The ‘unpredictability of grace’

Published on 13th Aug, 2022

Published in WelCom August 2022

Cardinal John gave the opening address at the National Synod Day, held at St Catherine’s College in Wellington on July 2, 2022. Here are excerpts from that address.

St Catherine’s College students were among hundreds of participants who represented parishes, schools and communities from across New Zealand at the National Synod hui – listening, praying, discerning. Photo: Annette Scullion

+ John A Cardinal Dew, Archbishop of Wellington Archdiocese, Apostolic Administrator of Palmerston North Diocese

Synodality builds on the conviction that all the baptised, having received ‘an anointing which comes from the holy one cannot be mistaken in belief’ (Lumen Gentium, 12). Through the grace of baptism, responsibility for the church’s faith, communion, and mission is the patrimony of all the baptised. The emphasis acknowledges that each baptised member of the Church shares in ‘the priestly, prophetic and kingly office of Christ’ (LG, 31). Bishops and priests have specific duties for the Church (LG, 20-7), but the mission of the entire ecclesial community benefits when all the baptised discern and respond together to the movement of God’s Spirit.

For Pope Francis, Synodality is a recovery of the ecclesiology of the Second Vatican Council – the Church is ‘The people of God.’ When Francis was elected in 2013, he knew radical change was necessary, but he did not have a blueprint or a checklist. What he wanted, was ‘a Church sensitive to the least breath of the Holy Spirit, a Church that was open to being led by the unpredictability of grace.’ If we are to be sensitive ‘to the least breath of the Holy Spirit’ – listening is essential.

Pope Francis has emphasised that our faith journey is a journey of ‘personal conversion’. He knew that the Roman Curia needed to change, he also knew that it would not just happen by changing rules and processes about the way the Curia operated. The call of Jesus needed to be heard repeatedly: ‘Repent and believe the Good News.’ We know it’s a personal journey, we face the call to conversion every day. That’s why we have the seasons of Lent and Advent, why we have a Penitential Rite at every Mass, why hopefully we all engage in some kind Examen every day.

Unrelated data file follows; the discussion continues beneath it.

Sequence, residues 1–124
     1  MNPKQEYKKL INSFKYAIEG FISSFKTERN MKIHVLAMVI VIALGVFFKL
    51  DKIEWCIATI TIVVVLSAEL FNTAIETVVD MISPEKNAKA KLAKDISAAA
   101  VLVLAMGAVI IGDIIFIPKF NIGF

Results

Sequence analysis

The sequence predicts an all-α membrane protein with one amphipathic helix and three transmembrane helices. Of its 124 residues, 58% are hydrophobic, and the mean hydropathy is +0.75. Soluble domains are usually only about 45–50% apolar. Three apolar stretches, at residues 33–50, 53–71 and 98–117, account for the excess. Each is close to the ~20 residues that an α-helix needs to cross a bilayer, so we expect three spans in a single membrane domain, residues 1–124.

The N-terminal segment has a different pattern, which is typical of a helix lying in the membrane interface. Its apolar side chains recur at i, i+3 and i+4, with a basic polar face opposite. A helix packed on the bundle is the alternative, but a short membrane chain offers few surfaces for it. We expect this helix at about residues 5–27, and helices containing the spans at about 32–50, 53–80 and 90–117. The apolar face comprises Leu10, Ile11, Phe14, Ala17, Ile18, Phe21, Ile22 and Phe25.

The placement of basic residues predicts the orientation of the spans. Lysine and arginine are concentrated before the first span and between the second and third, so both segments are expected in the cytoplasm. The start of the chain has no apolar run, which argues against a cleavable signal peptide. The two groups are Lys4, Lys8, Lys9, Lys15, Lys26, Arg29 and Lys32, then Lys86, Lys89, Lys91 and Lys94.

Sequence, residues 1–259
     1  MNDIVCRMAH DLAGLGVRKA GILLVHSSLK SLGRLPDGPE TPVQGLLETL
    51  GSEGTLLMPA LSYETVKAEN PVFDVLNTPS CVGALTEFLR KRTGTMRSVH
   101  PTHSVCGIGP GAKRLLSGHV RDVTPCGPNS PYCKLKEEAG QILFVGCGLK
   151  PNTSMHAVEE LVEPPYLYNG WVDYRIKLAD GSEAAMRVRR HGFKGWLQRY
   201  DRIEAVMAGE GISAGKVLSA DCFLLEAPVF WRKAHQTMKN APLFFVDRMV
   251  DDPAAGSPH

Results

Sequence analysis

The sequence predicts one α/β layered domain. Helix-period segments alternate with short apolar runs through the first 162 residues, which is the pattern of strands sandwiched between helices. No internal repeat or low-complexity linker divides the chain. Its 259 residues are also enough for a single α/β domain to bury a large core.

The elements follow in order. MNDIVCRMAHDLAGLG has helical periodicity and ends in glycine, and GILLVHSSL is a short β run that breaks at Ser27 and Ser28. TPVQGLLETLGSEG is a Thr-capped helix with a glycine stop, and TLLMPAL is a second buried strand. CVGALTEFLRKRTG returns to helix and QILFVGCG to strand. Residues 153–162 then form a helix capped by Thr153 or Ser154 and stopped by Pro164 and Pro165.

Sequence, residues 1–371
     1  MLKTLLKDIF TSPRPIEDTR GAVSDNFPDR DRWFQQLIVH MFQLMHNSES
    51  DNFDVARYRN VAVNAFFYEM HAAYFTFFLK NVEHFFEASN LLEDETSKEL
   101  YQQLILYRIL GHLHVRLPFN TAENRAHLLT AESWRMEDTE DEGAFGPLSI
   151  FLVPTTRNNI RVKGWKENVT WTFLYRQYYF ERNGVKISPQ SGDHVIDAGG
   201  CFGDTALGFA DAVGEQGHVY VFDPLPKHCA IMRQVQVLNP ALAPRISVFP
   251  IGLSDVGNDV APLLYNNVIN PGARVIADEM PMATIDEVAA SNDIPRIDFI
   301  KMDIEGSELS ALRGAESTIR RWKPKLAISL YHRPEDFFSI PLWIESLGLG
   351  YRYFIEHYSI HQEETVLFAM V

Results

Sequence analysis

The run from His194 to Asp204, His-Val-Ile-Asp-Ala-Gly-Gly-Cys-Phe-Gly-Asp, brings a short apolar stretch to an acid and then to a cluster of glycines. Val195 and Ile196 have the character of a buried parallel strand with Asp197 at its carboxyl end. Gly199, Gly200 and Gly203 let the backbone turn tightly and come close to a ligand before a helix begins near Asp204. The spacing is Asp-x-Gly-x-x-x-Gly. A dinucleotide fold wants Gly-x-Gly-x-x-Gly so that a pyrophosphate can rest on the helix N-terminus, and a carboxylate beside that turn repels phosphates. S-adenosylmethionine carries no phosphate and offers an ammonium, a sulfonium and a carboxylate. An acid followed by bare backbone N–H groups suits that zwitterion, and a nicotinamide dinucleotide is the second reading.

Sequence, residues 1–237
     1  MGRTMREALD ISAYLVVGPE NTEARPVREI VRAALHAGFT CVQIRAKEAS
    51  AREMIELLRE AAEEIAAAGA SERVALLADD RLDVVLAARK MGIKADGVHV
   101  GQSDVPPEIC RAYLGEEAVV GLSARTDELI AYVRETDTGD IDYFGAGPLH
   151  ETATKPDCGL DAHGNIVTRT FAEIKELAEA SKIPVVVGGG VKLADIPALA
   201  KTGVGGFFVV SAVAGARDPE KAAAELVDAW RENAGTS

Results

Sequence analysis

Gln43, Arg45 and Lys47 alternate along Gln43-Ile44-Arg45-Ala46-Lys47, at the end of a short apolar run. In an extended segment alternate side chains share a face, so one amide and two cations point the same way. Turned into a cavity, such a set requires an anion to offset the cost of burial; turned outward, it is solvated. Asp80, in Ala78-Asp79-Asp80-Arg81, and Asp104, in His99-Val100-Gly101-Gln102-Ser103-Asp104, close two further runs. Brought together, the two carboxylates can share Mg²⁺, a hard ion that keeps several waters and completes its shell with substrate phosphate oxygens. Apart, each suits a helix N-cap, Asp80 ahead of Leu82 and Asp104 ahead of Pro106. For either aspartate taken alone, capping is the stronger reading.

In participating in the Synod process over the last few months many people have voiced their hopes for change, some radical, some unrealistic, maybe some heretical, some projected out there to the Church but not to themselves. The call to conversion is personal. Do we see that? Or do we think change is for the Church and others? Are we willing to listen and change?

In 1968 Cardinal Suenens of Belgium said ‘History will render glory to the Second Vatican Council for having beautifully defined the nature of the Church, the People of God, and for having boldly sketched the place and role of the laity in the Church. History will no doubt also accuse us of not having sufficiently put into practice that which is so well defined, the co-responsibility of the laity.’

The early Christians gathered under the leadership of the Holy Spirit and discerned their way forward, how they were to live faithful to the experience of Jesus. So too Synodality for us is discerning the way forward through the Holy Spirit.

Today is not just an event. A Synod, in Rome or New Zealand, is not just an event. Synodality is a process, a process we are encouraged to live. In a truly synodal experience the process is more important than the programme, the lead-in more critical than the event.

For Francis the Synod process is a concrete form of a decentralised ecclesiology of communion met by a style where all participate and dialogue. Synods are not about finding ‘exhaustive exclusive solutions for all difficulties,’ nor do they demonise those with whom we disagree. We listen to them too. In Evangelium Gaudium Francis wrote ‘Even people who can be considered dubious on account of their errors have something to offer which must not be overlooked.’ (EG 2236).

Synodality calls us to listen to all the People of God, even if we think the ideas are whacky, or heretical or far-fetched. It is only in prayerful listening that we hear others and begin a dialogue…. with the Spirit leading us.

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